(Luhovvy et al. 2007; Veldhorst et al. 2009). However,
as the energy density was manipulated, the effect of time
interval fades out. Preload of fruit and vegetable in between
15 min to 1 h has effectively increased satiety and reduced
subsequent meal intake, however, there was no effect on
satiety found after an interval of 3 h onwards.
The time delay of preload of protein, maltodextrin or
water (30, 60 and 120 min) had no effect on subsequent
meal intake (Chungchunlam et al. 2012). Nevertheless,
the time interval between preload and test meal might
also be affected by variation of macronutrients. It was
found that the ingestion of carbohydrate and protein may
supress hunger within 60 min whilst proteins showed more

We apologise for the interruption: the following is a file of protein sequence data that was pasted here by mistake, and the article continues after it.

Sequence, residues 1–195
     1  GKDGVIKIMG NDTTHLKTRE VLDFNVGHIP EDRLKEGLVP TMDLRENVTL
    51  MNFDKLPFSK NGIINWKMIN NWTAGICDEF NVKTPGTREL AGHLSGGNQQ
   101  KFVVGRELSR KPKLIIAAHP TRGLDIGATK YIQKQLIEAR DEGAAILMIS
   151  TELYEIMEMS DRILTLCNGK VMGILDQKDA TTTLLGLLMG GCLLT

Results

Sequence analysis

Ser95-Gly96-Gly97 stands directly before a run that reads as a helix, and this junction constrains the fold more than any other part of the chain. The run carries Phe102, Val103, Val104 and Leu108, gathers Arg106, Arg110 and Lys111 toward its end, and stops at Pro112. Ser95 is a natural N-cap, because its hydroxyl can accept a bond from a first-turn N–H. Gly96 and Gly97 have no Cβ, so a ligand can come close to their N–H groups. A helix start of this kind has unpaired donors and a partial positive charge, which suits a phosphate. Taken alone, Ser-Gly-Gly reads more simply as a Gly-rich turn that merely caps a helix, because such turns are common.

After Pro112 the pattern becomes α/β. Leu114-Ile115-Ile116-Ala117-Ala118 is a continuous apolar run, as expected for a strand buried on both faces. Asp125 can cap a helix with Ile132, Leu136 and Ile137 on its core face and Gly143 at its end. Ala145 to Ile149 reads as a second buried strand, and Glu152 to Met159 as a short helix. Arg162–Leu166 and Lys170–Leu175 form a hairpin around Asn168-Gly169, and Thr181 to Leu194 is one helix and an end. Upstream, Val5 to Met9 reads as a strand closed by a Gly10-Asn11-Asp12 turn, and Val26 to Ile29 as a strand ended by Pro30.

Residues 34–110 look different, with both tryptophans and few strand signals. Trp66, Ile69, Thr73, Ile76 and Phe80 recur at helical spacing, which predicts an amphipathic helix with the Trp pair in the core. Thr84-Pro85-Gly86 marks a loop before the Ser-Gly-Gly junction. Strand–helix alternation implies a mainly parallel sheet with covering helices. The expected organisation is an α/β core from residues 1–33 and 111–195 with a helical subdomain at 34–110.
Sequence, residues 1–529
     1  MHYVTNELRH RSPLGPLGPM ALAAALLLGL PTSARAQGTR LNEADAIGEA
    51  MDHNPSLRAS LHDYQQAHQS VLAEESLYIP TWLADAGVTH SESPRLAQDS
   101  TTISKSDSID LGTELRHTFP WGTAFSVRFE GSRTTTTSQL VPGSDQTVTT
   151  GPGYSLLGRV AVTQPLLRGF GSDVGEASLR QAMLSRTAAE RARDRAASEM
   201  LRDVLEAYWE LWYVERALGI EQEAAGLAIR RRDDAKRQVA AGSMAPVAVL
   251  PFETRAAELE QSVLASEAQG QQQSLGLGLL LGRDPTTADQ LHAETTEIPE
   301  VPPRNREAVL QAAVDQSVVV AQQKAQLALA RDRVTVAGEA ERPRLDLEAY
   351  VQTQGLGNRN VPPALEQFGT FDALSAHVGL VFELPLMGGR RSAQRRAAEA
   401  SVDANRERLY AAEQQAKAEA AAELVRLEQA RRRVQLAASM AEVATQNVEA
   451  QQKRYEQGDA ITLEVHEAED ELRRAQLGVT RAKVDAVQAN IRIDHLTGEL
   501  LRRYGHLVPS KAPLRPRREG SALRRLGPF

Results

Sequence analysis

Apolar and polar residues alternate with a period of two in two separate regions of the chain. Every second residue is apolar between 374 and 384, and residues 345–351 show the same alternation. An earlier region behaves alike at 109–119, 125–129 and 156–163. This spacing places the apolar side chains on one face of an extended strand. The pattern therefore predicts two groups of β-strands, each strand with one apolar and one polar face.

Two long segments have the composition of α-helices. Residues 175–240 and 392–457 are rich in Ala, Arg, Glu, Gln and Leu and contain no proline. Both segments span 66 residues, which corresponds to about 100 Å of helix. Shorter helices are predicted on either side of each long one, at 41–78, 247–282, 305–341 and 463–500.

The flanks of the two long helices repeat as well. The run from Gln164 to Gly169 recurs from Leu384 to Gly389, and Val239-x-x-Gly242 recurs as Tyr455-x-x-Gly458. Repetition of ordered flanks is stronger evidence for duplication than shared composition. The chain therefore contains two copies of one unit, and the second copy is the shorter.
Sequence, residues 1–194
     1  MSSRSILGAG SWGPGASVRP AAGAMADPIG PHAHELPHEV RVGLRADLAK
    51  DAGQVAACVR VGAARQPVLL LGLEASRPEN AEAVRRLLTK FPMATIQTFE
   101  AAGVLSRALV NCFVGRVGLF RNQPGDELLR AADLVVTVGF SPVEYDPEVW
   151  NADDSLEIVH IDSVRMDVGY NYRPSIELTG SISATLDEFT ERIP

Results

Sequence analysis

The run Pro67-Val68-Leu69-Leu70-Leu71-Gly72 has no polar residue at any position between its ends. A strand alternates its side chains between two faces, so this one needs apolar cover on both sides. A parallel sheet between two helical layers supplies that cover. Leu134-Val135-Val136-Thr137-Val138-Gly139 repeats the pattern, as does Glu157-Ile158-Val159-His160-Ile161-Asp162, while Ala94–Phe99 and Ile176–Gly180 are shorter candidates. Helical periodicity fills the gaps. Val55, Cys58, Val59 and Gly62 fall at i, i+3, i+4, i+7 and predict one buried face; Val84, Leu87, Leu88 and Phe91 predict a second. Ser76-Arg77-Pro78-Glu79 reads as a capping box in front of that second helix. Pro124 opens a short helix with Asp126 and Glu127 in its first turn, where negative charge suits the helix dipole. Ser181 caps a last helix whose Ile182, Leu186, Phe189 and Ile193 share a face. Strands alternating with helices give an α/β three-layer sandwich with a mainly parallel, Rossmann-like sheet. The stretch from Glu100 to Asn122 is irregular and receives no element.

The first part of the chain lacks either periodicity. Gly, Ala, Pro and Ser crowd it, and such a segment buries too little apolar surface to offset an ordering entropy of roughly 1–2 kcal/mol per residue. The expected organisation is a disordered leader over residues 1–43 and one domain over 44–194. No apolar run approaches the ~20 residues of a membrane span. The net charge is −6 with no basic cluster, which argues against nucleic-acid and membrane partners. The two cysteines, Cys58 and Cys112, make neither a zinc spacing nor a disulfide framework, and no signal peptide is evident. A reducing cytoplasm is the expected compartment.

suppressive effect where it can last longer. Meanwhile, fat
was reported to be the least suppressive effect compared
to protein and carbohydrate, respectively (Fischer et al.
2004). The physical form of food also may affect the effect
of time interval on satiety and subsequent meal intake. The
amount of vegetable and the threshold of masticatory effort
are still unclear and need to be further investigated.
There is a need in emphasizing a concise and systematic
study design to formulate effective strategies in controlling
appetite and body weight management by manipulating
the consumption of fruit and/or vegetable in individuals’
diet. A concise study design should be conducted such as
controlling the type of fruit and vegetable consumed since
some of the previous studies failed to get the signicant
result as the food items used during intervention did not
match between groups (Houchins et al. 2013). In addition,